While it would be almost impossible to pick my favorite story from the Bible, I do have some favorites. Ones that I go back to and ponder through them from time to time. Many of those involve the apostle Peter. I think one of the reasons I love stories about Peter and Jesus is that Peter is such a study of contrast. He is a coward in front of a slave girl; then a lionhearted warrior refusing to stop preaching in front of the very men that killed Jesus (High priest and temple authorities in Jerusalem). He clearly struggled with many of the same feelings of insecurity, inadequacy, and impetuousness that plague many of us. Peter wore his heart on his sleeve, that level of honesty is refreshing in today’s world.
In Matthew chapter 14, we find the stories of the feeding of 5,000 immediately followed by Jesus walking on the water. So to set the scene, the disciple John had just been beheaded by Herod and his disciples came to Jesus to tell him what had happened. When Jesus found out (vs 13) He went away by boat to a solitary place. The people of the surrounding area found out where he was going and raced to get there. Verse 14 Jesus landed the boat, saw the large crowd and had compassion on them. He then healed their sick until evening was approaching. When his disciples mentioned to him that it was getting late and probably a good time to send the people away to get their supper, Jesus said something astonishing. He told the disciples that the people did not need to go away, that they themselves should feed them. Then Jesus took the 5 little loaves of bread, and two small fish and gave thanks and fed everyone.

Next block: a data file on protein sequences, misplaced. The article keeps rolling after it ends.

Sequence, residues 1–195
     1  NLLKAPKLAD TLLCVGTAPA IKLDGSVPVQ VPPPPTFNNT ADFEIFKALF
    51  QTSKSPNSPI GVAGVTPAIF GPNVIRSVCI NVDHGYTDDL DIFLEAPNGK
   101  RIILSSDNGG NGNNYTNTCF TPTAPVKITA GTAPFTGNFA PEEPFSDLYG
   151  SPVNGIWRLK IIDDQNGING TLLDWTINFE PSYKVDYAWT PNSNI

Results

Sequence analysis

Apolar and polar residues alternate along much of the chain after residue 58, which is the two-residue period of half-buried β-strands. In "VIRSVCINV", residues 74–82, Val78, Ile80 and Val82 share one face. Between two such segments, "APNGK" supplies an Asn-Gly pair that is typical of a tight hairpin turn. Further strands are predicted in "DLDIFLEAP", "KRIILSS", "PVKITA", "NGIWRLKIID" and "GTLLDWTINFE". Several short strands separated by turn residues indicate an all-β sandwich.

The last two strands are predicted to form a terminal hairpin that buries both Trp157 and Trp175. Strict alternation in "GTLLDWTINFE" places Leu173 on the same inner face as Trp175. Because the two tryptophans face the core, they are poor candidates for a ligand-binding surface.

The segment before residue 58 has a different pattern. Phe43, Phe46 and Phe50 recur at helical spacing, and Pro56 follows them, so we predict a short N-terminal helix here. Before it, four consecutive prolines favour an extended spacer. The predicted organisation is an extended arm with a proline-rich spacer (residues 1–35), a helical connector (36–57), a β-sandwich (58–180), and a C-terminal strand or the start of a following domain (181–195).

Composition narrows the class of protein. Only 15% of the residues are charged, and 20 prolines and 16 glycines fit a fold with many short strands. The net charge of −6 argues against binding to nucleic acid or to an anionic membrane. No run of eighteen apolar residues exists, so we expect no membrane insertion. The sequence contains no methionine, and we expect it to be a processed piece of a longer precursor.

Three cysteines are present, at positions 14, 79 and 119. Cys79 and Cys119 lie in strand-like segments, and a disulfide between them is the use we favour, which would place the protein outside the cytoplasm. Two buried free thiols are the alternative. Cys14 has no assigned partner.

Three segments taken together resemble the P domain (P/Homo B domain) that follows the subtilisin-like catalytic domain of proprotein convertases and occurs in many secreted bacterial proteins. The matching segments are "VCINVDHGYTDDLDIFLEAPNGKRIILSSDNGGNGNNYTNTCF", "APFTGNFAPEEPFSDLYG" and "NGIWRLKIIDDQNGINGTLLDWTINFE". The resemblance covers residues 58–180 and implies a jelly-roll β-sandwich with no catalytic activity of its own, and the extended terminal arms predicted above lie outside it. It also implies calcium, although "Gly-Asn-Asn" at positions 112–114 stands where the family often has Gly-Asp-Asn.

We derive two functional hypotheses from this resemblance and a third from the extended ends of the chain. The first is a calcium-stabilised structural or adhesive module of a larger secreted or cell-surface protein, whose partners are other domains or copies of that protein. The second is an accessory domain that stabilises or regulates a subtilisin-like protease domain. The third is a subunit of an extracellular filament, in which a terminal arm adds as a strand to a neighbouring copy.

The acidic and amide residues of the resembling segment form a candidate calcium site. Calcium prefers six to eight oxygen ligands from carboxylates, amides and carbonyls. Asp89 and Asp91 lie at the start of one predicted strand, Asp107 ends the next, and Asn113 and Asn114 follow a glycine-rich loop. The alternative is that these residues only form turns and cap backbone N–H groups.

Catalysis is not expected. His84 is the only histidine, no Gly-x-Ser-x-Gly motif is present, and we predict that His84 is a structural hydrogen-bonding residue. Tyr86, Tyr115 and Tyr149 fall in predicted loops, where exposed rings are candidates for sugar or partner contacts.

After this miraculous display of His divinity, Jesus sent the disciples away to go ahead of Him, while He dismissed the crowds. Then Jesus finally went away alone to pray to His Father.
Now we flash forward to late at night, the boat is a considerable distance from shore and waves and wind are against it.